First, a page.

Fledglings Ltd Stretford

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About Fledglings Ltd Stretford

Name Fledglings Ltd Stretford
Ofsted Inspections
Address Fledglings Ltd, Burleigh Road, Stretford, MANCHESTER, M32 0PF
Phase Childcare on Non-Domestic Premises, Full day care
Gender Mixed
Local Authority Trafford
Highlights from Latest Inspection

What is it like to attend this early years setting?

The provision is good

Children feel happy and safe at this setting. They settle quickly and form warm, secure relationships with staff. Babies benefit from highly responsive relationships with their key person.

For example, staff introduce key language as babies explore new sounds created by musical instruments. Babies gaze in awe as they attempt to recreate the engaging sounds staff make. This builds upon their early listening skills.

Children feel confident to explore this environment independently, often engaging in play inspired by their own personal interests. For example, pre-school children create their own 'spaceships' and spontaneo...usly act out exciting storylines with one another. Staff respect when children are seeking their input and when they wish to guide their own play.

Children are well behaved. This is partly due to staff, who are good role models. Staff speak respectfully to one another and to children.

This reflects in children's behaviour as they demonstrate embedded manners, using language such as 'please' and 'thank you' without prompt. Children show pride in their successes, including when they are praised for good behaviour. They eagerly collect rubber bands as a reward, building a larger and larger ball.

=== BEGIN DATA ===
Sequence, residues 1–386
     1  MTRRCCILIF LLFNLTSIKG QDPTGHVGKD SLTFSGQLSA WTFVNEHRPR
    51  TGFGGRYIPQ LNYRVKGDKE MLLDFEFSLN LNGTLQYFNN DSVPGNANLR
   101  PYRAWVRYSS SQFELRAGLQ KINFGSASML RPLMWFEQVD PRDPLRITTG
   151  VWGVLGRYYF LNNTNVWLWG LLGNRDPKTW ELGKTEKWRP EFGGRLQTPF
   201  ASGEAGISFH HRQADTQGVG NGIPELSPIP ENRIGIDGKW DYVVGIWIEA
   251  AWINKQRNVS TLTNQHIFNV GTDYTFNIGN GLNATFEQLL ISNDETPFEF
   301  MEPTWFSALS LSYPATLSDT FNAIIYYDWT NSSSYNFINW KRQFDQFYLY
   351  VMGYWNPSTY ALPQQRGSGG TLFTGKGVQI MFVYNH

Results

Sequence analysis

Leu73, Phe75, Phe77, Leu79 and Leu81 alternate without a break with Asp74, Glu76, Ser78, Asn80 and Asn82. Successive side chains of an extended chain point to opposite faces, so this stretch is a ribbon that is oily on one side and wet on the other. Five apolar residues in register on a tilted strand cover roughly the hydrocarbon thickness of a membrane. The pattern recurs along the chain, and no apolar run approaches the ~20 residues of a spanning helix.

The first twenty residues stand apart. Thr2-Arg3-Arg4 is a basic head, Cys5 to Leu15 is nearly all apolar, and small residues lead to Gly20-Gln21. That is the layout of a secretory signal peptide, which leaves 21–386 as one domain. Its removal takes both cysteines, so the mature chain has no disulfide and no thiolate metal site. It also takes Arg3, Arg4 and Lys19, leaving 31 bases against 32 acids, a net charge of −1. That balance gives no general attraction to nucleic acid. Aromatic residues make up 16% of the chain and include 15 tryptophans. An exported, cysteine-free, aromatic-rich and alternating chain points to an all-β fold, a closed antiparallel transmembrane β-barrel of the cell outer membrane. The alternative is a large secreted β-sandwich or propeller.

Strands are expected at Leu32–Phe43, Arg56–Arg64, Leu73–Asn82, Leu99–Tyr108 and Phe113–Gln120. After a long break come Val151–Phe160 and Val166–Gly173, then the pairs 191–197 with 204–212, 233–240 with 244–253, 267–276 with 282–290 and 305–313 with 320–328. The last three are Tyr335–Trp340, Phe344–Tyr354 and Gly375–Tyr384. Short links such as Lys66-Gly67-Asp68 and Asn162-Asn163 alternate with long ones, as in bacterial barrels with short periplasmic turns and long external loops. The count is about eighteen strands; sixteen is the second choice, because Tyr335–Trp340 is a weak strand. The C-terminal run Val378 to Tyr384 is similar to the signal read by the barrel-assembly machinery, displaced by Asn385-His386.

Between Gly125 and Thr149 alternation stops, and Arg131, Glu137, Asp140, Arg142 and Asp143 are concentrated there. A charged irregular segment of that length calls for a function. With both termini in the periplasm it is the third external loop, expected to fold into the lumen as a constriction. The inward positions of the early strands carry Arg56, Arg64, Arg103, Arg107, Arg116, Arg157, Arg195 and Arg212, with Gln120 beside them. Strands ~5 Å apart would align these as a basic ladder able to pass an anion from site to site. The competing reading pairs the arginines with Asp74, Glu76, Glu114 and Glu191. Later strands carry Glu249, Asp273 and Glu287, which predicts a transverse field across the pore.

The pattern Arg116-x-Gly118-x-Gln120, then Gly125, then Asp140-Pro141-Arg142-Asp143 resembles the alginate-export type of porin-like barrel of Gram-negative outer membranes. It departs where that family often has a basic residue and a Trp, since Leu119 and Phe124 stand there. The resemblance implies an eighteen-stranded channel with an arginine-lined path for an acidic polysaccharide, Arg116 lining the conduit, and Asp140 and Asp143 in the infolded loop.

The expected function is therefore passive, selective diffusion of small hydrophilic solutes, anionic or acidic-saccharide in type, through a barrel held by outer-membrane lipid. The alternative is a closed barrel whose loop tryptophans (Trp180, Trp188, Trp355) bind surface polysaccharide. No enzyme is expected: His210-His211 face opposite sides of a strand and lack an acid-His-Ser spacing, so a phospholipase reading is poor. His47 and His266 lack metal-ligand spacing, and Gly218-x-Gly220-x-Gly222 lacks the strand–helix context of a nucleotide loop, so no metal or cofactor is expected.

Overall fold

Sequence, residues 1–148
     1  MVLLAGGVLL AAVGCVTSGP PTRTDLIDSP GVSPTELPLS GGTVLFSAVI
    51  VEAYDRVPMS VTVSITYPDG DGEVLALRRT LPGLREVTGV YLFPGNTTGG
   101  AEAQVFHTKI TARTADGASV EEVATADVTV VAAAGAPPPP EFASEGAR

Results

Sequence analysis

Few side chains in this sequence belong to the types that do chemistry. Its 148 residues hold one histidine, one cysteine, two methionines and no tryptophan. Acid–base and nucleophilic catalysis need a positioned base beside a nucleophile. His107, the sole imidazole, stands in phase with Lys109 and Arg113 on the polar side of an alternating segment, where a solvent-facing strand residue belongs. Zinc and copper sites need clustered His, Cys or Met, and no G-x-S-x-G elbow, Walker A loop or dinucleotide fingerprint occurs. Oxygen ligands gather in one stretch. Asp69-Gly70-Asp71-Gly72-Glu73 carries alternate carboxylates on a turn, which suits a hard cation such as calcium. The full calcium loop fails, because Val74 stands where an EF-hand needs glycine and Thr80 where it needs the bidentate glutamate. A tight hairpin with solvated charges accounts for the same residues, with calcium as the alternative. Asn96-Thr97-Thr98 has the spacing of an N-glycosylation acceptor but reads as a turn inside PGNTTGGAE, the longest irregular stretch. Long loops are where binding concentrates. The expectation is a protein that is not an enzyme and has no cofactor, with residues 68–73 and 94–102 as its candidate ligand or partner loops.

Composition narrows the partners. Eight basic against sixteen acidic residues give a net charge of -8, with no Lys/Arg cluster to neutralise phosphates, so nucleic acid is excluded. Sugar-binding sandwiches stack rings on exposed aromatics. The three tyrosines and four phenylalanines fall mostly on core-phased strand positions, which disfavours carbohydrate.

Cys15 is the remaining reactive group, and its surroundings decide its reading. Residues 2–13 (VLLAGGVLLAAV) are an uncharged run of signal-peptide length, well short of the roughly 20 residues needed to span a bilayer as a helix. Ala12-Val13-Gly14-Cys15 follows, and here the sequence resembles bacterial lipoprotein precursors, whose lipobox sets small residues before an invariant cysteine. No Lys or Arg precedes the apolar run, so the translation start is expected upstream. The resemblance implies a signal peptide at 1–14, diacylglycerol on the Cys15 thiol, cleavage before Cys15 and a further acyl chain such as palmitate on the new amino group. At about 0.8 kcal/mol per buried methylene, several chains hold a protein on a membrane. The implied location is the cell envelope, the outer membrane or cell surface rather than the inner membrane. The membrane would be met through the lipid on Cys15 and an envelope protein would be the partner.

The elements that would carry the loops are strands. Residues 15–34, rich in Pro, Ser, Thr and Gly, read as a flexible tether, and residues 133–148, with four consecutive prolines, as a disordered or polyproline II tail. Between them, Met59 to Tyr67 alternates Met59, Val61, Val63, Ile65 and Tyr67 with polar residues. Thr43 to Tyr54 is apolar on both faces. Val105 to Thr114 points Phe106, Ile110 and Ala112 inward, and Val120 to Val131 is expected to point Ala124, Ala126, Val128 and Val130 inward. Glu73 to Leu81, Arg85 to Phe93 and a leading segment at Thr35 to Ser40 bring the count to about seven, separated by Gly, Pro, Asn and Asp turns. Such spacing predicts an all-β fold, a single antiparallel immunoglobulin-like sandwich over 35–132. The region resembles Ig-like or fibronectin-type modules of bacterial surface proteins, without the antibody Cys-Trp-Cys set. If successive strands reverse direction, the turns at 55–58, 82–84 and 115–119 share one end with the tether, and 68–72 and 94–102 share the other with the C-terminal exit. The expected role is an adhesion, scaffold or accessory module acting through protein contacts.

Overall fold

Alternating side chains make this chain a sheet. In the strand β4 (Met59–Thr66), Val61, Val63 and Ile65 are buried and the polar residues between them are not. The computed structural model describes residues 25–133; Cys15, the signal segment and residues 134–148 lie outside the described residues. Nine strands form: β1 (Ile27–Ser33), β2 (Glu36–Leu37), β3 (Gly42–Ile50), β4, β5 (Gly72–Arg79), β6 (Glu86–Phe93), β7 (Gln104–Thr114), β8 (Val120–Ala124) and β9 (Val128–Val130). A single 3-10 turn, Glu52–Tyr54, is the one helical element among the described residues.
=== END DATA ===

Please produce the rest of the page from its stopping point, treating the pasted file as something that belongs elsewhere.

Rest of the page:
This physical representation of children's positive behaviour helps to support their self-confidence. Children are excited to share this with their parents at the end of the day.

What does the early years setting do well and what does it need to do better?

Children's literacy skills are well supported.

Pre-school children read books independently, scanning the pages and using this activity as a chance to relax. All children vote each month to choose a 'book of the month' for their age group. Staff then plan activities based around the characters and storylines within this book.

Children enjoy this. For example, two-year-olds giggle with delight as they re-enact aspects of 'the three little pigs' with wooden blocks, characters and shaving foam.Children learn to assess their own risks.

Staff encourage children to help them to identify any hazards in the environment each day. This teaches children some links between possible risks and their own safety. For example, two-year-old children recognise that kitchen appliances can be hot.

During role play they pause before lifting items such as kettles, carefully putting on oven gloves and saying, 'Oh, it's hot'.Overall, staff support children's communication and language development well. They skilfully introduce key words and narrate during children's play.